AP writer, Stephen Ohlemacher, sent shock waves throughout the nation this week with his story, “Social Security to start cashing Uncle Sam’s IOUs.” Social Security has been running large surpluses ever since the enactment of the 1983 payroll tax hike, and was projected to continue running surpluses until at least 2016. Instead, Ohlemacher reports that the cost of Social Security benefits will exceed payroll tax revenue by approximately $29 billion this year, because of the severe recession which has reduced payroll tax revenue at the very time that many unemployed Americans have been forced to retire early.
What it all boils down to is that, in order to pay full benefits this year, Social Security will have to come up with an extra $29 billion to supplement the inadequate payroll tax revenue. Where will that money come from? It will have to come from increased taxes or from borrowed money. “Wait a minute!” some readers will say. Hasn’t Social Security been receiving surplus revenue ever since the 1983 payroll tax hike? Isn’t there supposed to be approximately $2.5 trillion in the Social Security trust fund? The answer to both questions is yes. But there is a problem. Every dollar of that surplus Social Security revenue has already been spent by the government. Much of it went to fund wars in Afghanistan and Iraq. The rest has been spent on other government programs.
The American people were not supposed to find out about the great Social Security scam for another six years, and the government was hoping to continue to receive surplus money from the Social Security contributions of working Americans for at least that long. But the inevitable day of reckoning has come, six years sooner than anybody expected, because of the severe recession. And the government of the United States has been caught with its hand still in the empty Social Security cookie jar.
For more than a decade, I have been trying to expose the Social Security scam just like Harry Markopolos was trying to expose the Bernie Madoff scam. But nobody would listen. If anyone deserves credit for helping the government to keep its dirty secret for so long, that honor should go to the AARP and the NCPSSM. I have been members of both organizations for years and I have tried very hard to get their cooperation in exposing the fraud. But they have refused to have anything to do with me. Instead, they have continued to bombard their members and the public with misinformation. They have argued that the trust fund is full of “good-as-gold” U.S. Treasury Bonds that could be used to pay full Social Security benefits until at least 2037 without any changes. In reaction to Olemacher’s AP story, Barbara Kennelly, president of the NCPSSM, responded with the following words, “Good luck to the politician who reneges on that debt. Those bonds are protected by the full faith and credit of the United States of America. They’re as solid as what we owe China and Japan.”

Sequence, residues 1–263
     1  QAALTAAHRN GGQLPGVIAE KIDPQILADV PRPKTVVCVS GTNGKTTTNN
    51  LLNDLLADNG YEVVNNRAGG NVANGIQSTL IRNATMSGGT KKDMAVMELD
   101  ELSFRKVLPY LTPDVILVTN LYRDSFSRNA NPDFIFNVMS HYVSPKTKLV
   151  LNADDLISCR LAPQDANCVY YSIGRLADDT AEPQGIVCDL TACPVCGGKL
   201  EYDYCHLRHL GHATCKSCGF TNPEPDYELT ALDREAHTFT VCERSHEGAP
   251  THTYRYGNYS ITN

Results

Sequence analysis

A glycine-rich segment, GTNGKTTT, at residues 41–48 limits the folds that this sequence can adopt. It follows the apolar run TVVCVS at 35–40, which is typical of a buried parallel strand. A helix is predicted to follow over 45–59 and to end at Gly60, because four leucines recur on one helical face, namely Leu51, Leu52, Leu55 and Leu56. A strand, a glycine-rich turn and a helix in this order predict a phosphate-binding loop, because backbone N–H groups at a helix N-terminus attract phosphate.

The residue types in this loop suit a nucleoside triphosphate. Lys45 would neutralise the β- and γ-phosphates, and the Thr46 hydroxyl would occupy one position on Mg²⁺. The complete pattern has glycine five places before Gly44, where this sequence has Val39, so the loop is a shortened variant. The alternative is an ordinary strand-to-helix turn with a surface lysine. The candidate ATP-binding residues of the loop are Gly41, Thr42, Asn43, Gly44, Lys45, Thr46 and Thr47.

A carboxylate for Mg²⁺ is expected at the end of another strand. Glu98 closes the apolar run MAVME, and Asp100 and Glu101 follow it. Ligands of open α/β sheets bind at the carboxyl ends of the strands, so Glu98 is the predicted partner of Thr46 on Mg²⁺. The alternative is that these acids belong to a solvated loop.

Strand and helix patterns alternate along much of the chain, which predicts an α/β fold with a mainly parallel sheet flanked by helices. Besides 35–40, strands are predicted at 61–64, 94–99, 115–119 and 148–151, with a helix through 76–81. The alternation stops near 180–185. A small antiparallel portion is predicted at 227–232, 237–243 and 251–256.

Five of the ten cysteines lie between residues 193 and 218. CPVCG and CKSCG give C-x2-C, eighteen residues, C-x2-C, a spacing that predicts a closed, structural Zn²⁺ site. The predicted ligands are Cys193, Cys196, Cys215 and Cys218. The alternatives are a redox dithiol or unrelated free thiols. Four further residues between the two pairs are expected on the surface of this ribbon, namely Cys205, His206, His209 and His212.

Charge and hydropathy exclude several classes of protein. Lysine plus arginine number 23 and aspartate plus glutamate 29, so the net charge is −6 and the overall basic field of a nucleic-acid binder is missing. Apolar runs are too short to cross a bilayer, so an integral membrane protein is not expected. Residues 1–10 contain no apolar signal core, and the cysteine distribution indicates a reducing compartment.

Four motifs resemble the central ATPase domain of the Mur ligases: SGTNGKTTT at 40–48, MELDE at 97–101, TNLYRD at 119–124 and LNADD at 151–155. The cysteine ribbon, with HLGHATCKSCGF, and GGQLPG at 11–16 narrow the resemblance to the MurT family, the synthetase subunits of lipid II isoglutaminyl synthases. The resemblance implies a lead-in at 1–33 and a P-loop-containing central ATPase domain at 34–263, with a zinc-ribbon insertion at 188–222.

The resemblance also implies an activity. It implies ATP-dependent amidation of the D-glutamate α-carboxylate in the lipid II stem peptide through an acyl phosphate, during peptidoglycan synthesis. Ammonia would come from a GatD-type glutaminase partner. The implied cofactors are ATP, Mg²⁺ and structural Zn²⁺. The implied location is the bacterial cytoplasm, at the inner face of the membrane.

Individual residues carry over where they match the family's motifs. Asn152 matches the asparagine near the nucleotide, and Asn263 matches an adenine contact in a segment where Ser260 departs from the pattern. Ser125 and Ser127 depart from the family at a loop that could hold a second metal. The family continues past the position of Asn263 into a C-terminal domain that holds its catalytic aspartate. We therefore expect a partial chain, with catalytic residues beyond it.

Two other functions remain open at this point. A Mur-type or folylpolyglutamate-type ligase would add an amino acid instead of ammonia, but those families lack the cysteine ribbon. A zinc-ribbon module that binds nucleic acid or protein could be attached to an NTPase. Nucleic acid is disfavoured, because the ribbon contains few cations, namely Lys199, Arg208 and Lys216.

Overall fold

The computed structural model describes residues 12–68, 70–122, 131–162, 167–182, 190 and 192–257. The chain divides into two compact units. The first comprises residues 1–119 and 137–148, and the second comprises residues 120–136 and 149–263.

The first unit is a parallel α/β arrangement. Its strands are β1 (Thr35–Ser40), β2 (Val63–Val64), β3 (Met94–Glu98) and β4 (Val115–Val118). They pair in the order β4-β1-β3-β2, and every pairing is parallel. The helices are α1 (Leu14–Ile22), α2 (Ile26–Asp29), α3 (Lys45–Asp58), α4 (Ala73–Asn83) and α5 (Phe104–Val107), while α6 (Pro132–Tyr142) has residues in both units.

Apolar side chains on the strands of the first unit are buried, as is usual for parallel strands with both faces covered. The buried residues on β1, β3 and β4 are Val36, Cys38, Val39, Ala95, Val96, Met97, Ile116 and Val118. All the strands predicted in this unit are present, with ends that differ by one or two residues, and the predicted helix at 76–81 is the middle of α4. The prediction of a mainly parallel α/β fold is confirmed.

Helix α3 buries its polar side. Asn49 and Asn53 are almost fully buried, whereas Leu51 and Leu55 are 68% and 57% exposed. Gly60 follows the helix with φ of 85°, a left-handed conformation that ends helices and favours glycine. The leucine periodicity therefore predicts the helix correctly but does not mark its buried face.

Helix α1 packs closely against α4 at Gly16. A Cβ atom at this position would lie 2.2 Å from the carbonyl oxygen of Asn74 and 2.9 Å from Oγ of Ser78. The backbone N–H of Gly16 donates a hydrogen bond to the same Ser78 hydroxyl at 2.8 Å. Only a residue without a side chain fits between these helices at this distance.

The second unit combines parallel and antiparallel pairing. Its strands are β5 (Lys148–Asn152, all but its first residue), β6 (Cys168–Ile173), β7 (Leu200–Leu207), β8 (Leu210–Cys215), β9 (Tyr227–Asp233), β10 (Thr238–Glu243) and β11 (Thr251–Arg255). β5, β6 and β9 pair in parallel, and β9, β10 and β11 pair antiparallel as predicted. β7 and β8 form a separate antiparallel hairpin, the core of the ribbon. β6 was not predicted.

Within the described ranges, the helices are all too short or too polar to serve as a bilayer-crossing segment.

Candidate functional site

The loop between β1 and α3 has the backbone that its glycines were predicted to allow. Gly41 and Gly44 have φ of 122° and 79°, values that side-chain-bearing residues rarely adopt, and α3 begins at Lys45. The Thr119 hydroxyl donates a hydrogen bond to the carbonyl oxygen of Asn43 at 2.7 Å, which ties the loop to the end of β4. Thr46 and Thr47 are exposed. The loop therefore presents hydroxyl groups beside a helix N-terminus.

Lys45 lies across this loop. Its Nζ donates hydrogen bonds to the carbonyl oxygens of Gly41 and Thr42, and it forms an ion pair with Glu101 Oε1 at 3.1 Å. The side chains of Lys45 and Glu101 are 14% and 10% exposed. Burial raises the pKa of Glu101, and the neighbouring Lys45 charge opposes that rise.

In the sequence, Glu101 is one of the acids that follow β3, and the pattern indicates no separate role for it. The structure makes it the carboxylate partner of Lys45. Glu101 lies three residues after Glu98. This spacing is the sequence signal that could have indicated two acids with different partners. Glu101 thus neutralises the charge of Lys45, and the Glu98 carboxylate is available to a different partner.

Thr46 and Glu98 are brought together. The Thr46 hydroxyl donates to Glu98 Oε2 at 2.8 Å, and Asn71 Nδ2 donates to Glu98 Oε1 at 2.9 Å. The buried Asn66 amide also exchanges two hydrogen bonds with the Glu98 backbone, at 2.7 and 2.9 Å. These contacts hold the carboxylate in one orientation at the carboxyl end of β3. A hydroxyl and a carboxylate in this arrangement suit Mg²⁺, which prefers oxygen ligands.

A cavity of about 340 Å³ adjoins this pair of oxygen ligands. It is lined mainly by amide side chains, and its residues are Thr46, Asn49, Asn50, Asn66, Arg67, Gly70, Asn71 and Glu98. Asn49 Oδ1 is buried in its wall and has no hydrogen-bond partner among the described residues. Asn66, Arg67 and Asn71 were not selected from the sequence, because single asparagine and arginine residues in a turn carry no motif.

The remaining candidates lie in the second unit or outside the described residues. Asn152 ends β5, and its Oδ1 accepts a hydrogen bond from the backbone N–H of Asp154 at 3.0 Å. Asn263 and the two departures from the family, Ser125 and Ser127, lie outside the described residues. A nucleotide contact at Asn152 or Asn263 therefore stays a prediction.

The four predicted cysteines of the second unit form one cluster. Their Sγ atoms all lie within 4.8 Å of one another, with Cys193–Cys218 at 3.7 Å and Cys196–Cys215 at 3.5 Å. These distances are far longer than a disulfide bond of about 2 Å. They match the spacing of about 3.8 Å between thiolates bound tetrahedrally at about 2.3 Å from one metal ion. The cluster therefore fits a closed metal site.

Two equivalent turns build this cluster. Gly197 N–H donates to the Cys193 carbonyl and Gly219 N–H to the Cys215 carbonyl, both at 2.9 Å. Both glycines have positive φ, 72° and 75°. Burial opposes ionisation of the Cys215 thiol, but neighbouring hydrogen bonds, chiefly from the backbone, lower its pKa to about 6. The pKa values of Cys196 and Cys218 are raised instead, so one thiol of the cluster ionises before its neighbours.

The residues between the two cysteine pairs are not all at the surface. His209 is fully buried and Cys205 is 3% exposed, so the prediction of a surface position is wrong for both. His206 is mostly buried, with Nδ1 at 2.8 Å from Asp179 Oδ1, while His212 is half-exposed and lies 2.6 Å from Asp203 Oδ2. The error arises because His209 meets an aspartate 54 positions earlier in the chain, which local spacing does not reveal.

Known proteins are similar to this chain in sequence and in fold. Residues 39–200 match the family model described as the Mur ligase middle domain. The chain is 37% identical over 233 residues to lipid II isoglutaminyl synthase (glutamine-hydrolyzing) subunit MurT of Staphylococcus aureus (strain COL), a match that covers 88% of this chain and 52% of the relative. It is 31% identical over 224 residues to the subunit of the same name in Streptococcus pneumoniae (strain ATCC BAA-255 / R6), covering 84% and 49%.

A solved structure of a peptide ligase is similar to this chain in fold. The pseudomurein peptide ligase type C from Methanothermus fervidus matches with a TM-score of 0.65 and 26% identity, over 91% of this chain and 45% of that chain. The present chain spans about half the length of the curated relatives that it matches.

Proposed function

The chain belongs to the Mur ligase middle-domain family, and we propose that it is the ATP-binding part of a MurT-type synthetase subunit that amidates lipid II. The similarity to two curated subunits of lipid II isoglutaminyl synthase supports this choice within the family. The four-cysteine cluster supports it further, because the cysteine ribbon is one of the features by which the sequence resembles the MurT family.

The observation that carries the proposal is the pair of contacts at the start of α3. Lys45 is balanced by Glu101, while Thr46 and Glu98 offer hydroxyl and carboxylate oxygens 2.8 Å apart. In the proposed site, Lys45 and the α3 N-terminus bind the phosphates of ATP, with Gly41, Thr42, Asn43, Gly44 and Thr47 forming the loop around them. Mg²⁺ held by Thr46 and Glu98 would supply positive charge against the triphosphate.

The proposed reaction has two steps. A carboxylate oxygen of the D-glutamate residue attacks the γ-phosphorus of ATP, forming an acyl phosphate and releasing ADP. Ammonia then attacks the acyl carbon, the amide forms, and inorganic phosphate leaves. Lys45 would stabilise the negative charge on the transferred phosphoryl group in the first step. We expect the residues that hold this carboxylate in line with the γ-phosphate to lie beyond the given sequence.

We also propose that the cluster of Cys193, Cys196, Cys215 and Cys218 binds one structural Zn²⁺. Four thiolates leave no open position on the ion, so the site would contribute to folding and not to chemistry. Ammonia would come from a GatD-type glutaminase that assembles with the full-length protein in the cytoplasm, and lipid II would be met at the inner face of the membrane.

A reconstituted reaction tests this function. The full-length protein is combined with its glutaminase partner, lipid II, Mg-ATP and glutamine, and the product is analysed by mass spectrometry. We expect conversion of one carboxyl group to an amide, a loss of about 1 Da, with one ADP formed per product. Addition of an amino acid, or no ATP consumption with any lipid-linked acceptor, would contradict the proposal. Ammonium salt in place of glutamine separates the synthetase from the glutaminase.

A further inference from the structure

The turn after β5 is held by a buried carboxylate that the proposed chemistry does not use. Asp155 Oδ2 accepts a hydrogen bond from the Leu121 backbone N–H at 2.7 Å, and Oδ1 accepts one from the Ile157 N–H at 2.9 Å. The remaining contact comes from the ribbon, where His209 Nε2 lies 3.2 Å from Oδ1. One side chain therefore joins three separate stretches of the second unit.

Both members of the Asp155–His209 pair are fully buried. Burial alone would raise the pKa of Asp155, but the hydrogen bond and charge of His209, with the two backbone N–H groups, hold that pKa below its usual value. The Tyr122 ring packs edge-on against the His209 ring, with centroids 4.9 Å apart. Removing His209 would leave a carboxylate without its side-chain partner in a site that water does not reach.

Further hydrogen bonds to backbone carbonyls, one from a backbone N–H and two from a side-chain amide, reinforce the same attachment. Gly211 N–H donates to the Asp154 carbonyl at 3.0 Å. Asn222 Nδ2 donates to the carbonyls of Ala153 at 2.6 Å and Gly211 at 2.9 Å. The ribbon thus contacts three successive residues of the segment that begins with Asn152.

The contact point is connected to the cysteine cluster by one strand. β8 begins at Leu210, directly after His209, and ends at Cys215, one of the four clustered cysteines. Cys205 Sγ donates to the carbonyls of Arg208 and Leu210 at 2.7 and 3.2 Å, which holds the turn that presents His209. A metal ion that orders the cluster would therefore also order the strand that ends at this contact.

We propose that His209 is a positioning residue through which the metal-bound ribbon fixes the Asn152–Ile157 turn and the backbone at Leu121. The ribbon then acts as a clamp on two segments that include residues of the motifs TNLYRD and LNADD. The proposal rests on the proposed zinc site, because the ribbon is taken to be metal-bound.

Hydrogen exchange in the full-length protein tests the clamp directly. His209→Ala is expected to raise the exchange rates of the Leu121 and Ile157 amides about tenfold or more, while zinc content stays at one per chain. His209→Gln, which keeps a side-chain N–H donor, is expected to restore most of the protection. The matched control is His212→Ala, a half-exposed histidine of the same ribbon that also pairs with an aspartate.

I believe Barbara Kennelly to be among the strongest and most honorable defenders of Social Security. I think she truly wants to save Social Security, as we now know it, which is the same goal that has motivated me to make so much effort for more than a decade. I have tried to convince Ms. Kennelly that I was trying to save Social Security by exposing the truth about the trust fund, but she wouldn’t even consider the possibility that the government has been looting the trust fund all these years. I requested the opportunity to discuss this issue with her, either in a face-to-face meeting, or through telephone conversations, in the hope that we could work together toward a common goal. She ignored my requests and refused to communicate with me in any way.
It has been clear for quite some time that the trust fund contained no real assets. David Walker, Comptroller General of the GAO, stated on January 21, 2005, “There are no stocks or bonds or real estate in the trust fund. It has nothing of real value to draw down.” On April 5, 2005, President George W. Bush finally acknowledged the empty trust fund by saying, “There is no trust fund, just IOUs that I saw firsthand that future generations will pay